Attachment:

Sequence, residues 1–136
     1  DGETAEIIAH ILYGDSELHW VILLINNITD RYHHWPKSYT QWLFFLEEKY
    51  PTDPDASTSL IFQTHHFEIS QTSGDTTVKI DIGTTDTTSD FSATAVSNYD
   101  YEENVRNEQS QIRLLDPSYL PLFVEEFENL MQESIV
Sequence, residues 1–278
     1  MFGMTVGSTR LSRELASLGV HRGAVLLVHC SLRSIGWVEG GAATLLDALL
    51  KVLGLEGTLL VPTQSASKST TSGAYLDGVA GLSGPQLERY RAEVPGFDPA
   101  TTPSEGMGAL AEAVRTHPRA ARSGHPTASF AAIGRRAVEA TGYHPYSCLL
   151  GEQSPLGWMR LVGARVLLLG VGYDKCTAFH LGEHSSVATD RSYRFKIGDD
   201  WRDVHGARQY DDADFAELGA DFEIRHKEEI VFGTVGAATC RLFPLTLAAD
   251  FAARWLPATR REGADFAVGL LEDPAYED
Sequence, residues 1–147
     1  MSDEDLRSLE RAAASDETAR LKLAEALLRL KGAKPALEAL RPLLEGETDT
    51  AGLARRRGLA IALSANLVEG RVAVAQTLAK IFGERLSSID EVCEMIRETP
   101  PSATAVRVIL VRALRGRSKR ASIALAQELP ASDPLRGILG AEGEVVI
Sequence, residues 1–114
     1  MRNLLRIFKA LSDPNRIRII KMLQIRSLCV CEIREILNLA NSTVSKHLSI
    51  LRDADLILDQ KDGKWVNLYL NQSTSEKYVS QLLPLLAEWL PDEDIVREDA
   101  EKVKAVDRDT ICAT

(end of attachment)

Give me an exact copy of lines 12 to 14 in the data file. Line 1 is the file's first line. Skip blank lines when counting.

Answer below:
Sequence, residues 1–147
     1  MSDEDLRSLE RAAASDETAR LKLAEALLRL KGAKPALEAL RPLLEGETDT
    51  AGLARRRGLA IALSANLVEG RVAVAQTLAK IFGERLSSID EVCEMIRETP